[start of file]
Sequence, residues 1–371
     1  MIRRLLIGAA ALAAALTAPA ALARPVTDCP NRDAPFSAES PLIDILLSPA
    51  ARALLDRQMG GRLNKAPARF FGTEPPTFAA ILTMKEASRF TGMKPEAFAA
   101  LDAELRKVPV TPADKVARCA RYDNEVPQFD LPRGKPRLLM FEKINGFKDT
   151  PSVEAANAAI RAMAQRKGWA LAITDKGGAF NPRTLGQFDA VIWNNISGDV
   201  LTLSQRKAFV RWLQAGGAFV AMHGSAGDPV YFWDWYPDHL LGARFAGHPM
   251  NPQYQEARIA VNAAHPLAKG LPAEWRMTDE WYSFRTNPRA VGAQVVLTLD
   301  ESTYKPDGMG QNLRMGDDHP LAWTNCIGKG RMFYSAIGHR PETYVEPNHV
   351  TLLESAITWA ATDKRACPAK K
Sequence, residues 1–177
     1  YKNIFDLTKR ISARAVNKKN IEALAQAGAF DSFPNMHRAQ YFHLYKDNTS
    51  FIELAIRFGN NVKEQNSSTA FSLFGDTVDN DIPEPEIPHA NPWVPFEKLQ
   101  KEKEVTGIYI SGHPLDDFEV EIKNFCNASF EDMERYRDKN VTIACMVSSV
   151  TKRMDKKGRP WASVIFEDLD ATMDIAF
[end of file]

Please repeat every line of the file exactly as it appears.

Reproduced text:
Sequence, residues 1–371
     1  MIRRLLIGAA ALAAALTAPA ALARPVTDCP NRDAPFSAES PLIDILLSPA
    51  ARALLDRQMG GRLNKAPARF FGTEPPTFAA ILTMKEASRF TGMKPEAFAA
   101  LDAELRKVPV TPADKVARCA RYDNEVPQFD LPRGKPRLLM FEKINGFKDT
   151  PSVEAANAAI RAMAQRKGWA LAITDKGGAF NPRTLGQFDA VIWNNISGDV
   201  LTLSQRKAFV RWLQAGGAFV AMHGSAGDPV YFWDWYPDHL LGARFAGHPM
   251  NPQYQEARIA VNAAHPLAKG LPAEWRMTDE WYSFRTNPRA VGAQVVLTLD
   301  ESTYKPDGMG QNLRMGDDHP LAWTNCIGKG RMFYSAIGHR PETYVEPNHV
   351  TLLESAITWA ATDKRACPAK K
Sequence, residues 1–177
     1  YKNIFDLTKR ISARAVNKKN IEALAQAGAF DSFPNMHRAQ YFHLYKDNTS
    51  FIELAIRFGN NVKEQNSSTA FSLFGDTVDN DIPEPEIPHA NPWVPFEKLQ
   101  KEKEVTGIYI SGHPLDDFEV EIKNFCNASF EDMERYRDKN VTIACMVSSV
   151  TKRMDKKGRP WASVIFEDLD ATMDIAF